184. The Effectiveness of a Stewardship Intervention to Improve Management of Urinary Tract Infections
Session: Poster Abstract Session: Antibiotic Stewardship
Friday, October 21, 2011
Room: Poster Hall B1
Background: Urinary tract infections (UTIs) are one of the most common infections in healthcare.  There are limited data on the effectiveness of interventions to improve diagnosis and treatment of UTIs.

Methods: We conducted a before-and-after intervention study in a 650 bed university-affiliated hospital. For randomly selected inpatients that had urine cultures collected, we evaluated the appropriateness of lab testing, antibiotic therapy and catheter use for 1 month before and 1 month after an intervention that included audit and feedback to providers. 

Results: Seventy five patients were evaluated during the baseline period and 52 during the intervention period.  There were no significant differences in the patient characteristics for the two time periods. As shown in the table, appropriate UTI antibiotic management improved significantly during the intervention. There were trends toward decreased duration of antibiotic therapy for UTI, fluoroquinolone days of therapy for UTI, and reduced inappropriate urinary catheter days. There was no improvement in appropriateness of lab testing; however, no feedback was provided in the Emergency Department where 31% of lab testing was ordered. 

 

Baseline

July 2010

Intervention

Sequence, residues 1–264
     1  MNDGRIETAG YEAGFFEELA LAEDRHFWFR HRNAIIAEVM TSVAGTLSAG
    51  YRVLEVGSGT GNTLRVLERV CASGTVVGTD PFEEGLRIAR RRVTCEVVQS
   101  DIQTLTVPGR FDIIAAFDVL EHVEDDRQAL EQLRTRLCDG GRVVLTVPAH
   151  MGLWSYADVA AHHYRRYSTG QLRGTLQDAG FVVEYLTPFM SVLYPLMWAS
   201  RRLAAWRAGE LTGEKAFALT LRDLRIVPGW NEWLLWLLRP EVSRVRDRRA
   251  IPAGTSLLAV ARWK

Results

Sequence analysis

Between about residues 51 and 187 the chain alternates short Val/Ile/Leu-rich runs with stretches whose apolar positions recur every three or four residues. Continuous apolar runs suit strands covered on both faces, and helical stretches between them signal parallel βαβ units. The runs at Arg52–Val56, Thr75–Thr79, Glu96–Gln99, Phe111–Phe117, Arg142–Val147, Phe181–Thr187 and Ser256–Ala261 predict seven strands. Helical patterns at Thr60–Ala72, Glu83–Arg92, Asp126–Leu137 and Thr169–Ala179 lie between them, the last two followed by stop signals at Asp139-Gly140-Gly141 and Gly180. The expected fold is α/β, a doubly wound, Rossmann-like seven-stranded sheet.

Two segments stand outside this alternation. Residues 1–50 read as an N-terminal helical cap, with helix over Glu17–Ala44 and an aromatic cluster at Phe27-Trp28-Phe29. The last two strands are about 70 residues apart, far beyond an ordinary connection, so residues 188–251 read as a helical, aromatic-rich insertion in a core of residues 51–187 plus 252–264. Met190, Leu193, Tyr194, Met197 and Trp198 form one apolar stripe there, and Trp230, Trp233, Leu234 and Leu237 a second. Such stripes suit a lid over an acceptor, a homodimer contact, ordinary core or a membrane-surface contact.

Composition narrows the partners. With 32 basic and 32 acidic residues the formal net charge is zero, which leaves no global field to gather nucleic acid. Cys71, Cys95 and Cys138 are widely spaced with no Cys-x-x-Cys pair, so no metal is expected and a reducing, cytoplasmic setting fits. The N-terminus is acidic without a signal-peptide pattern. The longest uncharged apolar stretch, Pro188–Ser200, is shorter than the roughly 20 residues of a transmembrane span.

Aug 2010

P value

Appropriate lab testing

31/75 (41%)

18/52 (35%)

0.4

Appropriate UTI antibiotic management

33/75 (44%)

31/52 (61%)

0.003

Average UTI DOT per patient

6.07

3.42

0.08

Average UTI FQ DOT per patient

2.16

.94

0.13

Average inappropriate catheter days per catheterized patient

2.76

1.10

0.11

Conclusion: An intervention utilizing audit and feedback to healthcare providers was associated with a significant improvement in appropriate UTI antibiotic management, along with a trend toward decreased antibiotic days of therapy and urinary catheter use.   There was no change in inappropriate UTI lab testing.  Further studies are needed to evaluate the long-term effectiveness of such interventions and to optimize lab testing through interventions in the emergency department and in the electronic medical record system.


Subject Category: N. Hospital-acquired and surgical infections, infection control, and health outcomes including general public health and health services research

Jessica Jones, MD1, Donald M. Dumford, MD2, Sweta Chaudhary, MD3, Curtis J. Donskey, MD2 and Michelle T. Hecker, MD3, (1)University Hospitals of Cleveland, Cleveland, OH, (2)Louis Stokes VA Medical Center, Cleveland, OH, (3)MetroHealth Medical Center, Cleveland, OH

Disclosures:

J. Jones, None

D. M. Dumford, None

S. Chaudhary, None

C. J. Donskey, Optimer: Consultant, Research support
Merck: Consultant, Research support
ViroPharma: Consultant, Research support
OrthoMcNeil: Consultant, Research support
GoJo: Consultant, Research support

M. T. Hecker, None

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